TORONTO — Canada and the United States signed an agreement Wednesday to cancel a controversial 15% export tax imposed for the past year on softwood lumber from British Columbia, the government announced.
The agreement, signed in Washington, also exempts Canada's Atlantic Maritime Provinces, including New Brunswick and Nova Scotia, from the tax.
The breakthrough came when British Columbia, with its lumber industry valued at $6.3 billion (Canadian), raised fees for timber-cutting rights. One Canadian dollar is equivalent to about 76 U.S. cents.
British Columbia and the Maritime Provinces produce three-quarters of Canada's annual $4 billion (Canadian) in lumber exports to the United States. The Maritimes were exempted because their fees were deemed high enough already.
Pending further negotiations, Quebec, Ontario and other provinces will continue to pay the 15% levy imposed last January following complaints from the U.S. lumber industry that Canadian lumber was unfairly subsidized.
Canadian Prime Minister Brian Mulroney's Conservative government originally compromised in the dispute and imposed its own export tax, fearing the imposition of heavy U.S. anti-dumping duties. About $290 million (Canadian) in tax was collected between January and August of this year.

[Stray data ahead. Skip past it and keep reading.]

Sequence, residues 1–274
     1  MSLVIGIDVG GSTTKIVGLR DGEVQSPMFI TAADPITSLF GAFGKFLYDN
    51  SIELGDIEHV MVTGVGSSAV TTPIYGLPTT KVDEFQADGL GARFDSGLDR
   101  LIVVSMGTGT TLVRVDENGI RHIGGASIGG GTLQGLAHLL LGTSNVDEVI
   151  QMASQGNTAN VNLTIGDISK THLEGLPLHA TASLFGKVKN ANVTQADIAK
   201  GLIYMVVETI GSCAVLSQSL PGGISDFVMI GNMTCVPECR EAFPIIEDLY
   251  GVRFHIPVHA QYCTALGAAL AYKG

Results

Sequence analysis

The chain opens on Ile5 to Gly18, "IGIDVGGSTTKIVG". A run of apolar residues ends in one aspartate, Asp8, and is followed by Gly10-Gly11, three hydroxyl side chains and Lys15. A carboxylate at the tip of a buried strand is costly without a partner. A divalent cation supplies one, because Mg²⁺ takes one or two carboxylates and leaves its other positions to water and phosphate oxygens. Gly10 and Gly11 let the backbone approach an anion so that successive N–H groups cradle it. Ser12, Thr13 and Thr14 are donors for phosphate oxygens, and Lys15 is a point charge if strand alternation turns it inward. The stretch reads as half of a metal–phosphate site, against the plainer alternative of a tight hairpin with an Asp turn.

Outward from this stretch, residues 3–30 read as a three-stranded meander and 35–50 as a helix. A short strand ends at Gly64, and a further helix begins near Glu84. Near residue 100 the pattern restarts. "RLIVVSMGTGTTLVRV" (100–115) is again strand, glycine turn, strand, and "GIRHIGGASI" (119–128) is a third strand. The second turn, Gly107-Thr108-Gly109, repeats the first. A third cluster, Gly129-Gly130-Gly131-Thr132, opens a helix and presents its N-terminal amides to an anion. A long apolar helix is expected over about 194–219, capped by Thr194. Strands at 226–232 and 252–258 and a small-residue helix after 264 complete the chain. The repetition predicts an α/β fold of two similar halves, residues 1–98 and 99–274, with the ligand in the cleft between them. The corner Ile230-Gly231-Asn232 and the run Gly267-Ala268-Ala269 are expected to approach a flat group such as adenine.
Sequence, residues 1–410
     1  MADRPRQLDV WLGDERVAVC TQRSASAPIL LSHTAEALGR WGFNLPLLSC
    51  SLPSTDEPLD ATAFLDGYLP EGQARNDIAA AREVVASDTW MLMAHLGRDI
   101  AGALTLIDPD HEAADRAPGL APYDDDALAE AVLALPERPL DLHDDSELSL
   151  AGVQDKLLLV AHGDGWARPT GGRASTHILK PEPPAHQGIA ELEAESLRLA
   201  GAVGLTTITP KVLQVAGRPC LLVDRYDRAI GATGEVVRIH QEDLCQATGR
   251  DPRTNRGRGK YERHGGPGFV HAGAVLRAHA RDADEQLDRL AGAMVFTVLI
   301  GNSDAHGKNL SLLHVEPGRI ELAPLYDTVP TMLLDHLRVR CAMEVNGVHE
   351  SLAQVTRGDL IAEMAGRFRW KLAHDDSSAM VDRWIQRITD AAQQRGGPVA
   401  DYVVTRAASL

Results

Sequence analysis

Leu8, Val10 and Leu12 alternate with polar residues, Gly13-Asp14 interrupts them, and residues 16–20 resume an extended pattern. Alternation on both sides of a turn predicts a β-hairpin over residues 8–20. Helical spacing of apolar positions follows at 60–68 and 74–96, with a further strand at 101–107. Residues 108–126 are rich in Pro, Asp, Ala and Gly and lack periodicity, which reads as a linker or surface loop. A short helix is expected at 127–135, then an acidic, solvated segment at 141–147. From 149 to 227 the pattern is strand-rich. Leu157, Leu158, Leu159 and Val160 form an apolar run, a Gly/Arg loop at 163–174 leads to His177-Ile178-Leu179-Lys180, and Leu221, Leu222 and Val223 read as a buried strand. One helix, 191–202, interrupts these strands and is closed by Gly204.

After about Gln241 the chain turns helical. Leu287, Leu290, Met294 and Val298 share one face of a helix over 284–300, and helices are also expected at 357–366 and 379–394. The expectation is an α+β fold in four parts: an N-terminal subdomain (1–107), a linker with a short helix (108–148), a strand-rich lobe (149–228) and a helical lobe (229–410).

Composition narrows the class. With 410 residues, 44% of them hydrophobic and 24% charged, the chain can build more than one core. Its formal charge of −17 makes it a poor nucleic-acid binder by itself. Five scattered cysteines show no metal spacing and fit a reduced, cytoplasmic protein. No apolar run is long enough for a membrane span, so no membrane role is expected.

The agreement became possible when the U.S. lumber industry accepted figures showing that increased fees for timber rights in British Columbia will raise prices by the equivalent of 15%.
At the heart of the dispute are two different methods for collecting royalties from timber companies. Most U.S. companies bid at auction for lumber rights, while Canadian provinces set widely varied "stumpage" fees.
The U.S. industry complained that many provinces kept those fees artificially low to give their producers a competitive edge.
British Columbia in effect accepted the U.S. argument in October by raising stumpage fees dramatically, in some cases by 400%.
Lumber producers protested that British Columbia Premier William Vander Zalm's provincial government was more interested in boosting revenues than resolving the dispute or helping the forestry industry.
The new stumpage fees will provide Vander Zalm's government with more than $800 million (Canadian) next year, compared with about $200 million the year before, federal Forestry Ministry official Jim Cameron told the Associated Press.
Another part of the agreement announced in Ottawa by Trade Minister Pat Carney exempts lumber mills along the border in Quebec and Ontario in cases where they use imported U.S. logs.